NIST’s thoughts on authentication

NIST has a new draft of their SP 800-63-1, "Electronic Authentication Guideline," available for public comments. This document discusses multi-factor authentication, and it's probably worth sending them comments on this particular topic.

As I mentioned in a recent post, the reason that the judge ruled the way he did in Patco Construction v. People’s United Bank seemed to focus on the FFIEC’s "Authentication in an Internet Banking Environment" (PDF), and this guidance didn’t explicitly say that in multifactor authentication you need to have success with each of the factors for the overall authentication to be a success.

SP 800-63-1 seems to also overlook a clear discussion of this, so if you feel strongly about this, you now have a chance to submit comments to NIST that reflect your thoughts on it. You can find the form for submitting comments here.

SP 800-63-1 also has an interesting discussion of password strength. It uses Shannon entropy instead of minimum entropy to estimate this, and it has a set of guidelines for estimating how many bits of entropy a user-selected password will give you. Here are the guidelines that it has for this:

  • The entropy of the first character is taken to be 4 bits;
  • The entropy of the next 7 characters are 2 bits per character; this is roughly consistent with Shannon’s estimate that "when statistical effects extending over not more than 8 letters are considered the entropy is roughly 2.3 bits per character;"
  • For the 9th through the 20th character the entropy is taken to be 1.5 bits per character;
  • For characters 21 and above the entropy is taken to be 1 bit per character;
  • A "bonus" of 6 bits of entropy is assigned for a composition rule that requires both upper case and non-alphabetic characters. This forces the use of these characters, but in many cases thee characters will occur only at the beginning or the end of the password, and it reduces the total search space somewhat, so the benefit is probably modest and nearly independent of the length of the password;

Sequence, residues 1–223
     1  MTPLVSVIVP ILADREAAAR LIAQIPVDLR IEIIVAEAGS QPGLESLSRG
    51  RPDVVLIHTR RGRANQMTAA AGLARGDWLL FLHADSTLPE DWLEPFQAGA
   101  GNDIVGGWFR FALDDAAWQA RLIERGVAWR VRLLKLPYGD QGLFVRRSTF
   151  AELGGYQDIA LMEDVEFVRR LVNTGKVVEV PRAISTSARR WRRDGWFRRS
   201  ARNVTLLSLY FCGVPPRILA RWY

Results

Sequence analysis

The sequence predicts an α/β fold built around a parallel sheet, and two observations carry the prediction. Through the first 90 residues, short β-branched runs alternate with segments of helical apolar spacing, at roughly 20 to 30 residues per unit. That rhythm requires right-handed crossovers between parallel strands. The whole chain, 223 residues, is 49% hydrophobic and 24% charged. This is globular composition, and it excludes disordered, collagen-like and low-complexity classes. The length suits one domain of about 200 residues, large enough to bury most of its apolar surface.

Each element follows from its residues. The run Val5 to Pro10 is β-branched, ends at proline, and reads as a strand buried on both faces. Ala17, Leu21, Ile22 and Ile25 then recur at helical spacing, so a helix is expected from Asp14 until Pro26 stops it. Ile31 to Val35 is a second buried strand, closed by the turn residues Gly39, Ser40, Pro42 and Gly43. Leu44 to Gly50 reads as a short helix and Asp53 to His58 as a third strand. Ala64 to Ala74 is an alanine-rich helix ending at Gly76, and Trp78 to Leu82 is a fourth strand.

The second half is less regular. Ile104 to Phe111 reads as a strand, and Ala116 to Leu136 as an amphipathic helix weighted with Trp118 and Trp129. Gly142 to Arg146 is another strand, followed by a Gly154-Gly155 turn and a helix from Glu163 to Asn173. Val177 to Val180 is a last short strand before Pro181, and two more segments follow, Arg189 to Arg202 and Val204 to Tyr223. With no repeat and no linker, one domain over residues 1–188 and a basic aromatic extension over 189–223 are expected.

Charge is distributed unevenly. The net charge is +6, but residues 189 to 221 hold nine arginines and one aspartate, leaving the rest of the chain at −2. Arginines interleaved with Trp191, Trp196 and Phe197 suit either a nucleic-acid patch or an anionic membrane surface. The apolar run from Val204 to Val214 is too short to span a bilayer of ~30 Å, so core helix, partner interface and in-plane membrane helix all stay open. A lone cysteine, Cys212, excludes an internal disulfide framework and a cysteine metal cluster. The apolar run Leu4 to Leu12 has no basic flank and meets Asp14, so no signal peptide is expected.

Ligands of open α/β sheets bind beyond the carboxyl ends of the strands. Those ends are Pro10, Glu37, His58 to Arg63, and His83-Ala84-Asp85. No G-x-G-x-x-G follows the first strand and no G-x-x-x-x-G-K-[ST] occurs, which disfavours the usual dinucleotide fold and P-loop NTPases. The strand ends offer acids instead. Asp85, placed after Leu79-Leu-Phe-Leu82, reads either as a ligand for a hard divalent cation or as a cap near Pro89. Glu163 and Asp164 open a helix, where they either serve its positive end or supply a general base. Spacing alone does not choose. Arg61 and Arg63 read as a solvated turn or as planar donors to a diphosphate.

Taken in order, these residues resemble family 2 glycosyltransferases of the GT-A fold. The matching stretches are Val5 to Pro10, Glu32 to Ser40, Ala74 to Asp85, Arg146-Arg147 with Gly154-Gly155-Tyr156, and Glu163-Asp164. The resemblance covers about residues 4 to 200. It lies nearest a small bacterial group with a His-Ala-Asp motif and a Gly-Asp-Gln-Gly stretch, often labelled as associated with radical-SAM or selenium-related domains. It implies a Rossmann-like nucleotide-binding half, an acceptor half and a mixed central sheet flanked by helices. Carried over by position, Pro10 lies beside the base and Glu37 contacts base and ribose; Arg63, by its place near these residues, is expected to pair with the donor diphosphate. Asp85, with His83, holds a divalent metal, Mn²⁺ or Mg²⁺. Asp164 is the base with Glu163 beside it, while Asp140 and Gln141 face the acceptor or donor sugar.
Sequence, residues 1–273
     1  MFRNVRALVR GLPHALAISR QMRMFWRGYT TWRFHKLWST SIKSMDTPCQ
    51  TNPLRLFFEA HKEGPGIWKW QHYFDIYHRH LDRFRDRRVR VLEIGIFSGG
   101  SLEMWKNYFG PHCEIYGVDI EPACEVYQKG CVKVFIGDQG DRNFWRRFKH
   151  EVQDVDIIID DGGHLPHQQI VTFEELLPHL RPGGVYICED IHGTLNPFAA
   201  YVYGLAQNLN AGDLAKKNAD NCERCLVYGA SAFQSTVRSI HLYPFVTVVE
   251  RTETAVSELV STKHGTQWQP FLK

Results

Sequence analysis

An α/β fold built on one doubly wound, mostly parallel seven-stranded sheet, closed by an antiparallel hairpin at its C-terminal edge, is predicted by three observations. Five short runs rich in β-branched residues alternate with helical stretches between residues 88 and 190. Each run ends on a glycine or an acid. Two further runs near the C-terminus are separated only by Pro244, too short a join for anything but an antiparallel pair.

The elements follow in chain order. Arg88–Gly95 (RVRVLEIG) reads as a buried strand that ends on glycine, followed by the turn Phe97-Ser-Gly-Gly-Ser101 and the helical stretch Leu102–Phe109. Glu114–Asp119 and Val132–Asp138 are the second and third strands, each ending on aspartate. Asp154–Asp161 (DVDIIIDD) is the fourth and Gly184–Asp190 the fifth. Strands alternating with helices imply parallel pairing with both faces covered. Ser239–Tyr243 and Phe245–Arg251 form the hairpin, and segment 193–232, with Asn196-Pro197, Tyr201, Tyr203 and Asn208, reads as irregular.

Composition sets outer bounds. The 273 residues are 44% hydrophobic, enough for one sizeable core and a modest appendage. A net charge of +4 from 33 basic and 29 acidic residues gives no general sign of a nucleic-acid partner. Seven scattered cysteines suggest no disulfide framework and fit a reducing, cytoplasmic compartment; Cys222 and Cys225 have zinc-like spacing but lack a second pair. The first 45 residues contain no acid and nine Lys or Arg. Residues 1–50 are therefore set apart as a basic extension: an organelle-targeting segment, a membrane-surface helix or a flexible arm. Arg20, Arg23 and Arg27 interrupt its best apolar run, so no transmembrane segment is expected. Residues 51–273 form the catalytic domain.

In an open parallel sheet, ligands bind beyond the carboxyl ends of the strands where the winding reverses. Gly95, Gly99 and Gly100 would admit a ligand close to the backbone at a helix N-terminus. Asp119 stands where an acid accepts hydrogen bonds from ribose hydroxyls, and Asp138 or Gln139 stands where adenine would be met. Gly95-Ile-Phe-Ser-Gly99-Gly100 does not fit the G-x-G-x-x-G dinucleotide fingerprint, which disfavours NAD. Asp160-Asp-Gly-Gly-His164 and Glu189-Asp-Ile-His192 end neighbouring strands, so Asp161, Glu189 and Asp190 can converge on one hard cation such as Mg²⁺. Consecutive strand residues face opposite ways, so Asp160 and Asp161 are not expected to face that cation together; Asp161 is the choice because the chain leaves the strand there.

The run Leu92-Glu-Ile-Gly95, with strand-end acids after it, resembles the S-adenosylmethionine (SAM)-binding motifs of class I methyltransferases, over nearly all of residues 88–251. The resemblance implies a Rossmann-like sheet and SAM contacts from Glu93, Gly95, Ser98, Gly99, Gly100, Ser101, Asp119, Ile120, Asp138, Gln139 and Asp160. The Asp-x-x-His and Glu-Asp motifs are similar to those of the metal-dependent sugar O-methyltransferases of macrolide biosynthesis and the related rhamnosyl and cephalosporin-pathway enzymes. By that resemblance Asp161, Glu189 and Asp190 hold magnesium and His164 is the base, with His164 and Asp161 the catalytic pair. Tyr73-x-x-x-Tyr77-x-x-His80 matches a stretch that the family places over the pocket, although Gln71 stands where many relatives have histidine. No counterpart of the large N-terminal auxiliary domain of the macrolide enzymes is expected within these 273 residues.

• A bonus of up to 6 bits of entropy is added for an extensive dictionary check. If the Attacker knows the dictionary, he can avoid testing those passwords, and will in any event, be able to guess much of the dictionary, which will, however, be the most likely selected passwords in the absence of a dictionary rule. The assumption is that most of the guessing entropy benefits for a dictionary test accrue to relatively short passwords, because any long password that can be remembered must necessarily be a "pass-phrase" composed of dictionary words, so the bonus declines to zero at 20 characters.

The following graph summarizes what this gives you for a reasonable range of password lengths.



That's definitely the most thorough analysis of password strength that I've seen in a standard. It may not be perfectly accurate, but then it says that these values

should not be taken as accurate estimates of absolute entropy, but they do provide a rough relative estimate of the likely entropy of user chosen passwords, and some basis for setting a standard for password strength.

What's missing form this analysis, however, is a clear recommendation on exactly how many bits of estimated entropy a password should actually have. Maybe that's also worth commenting on.

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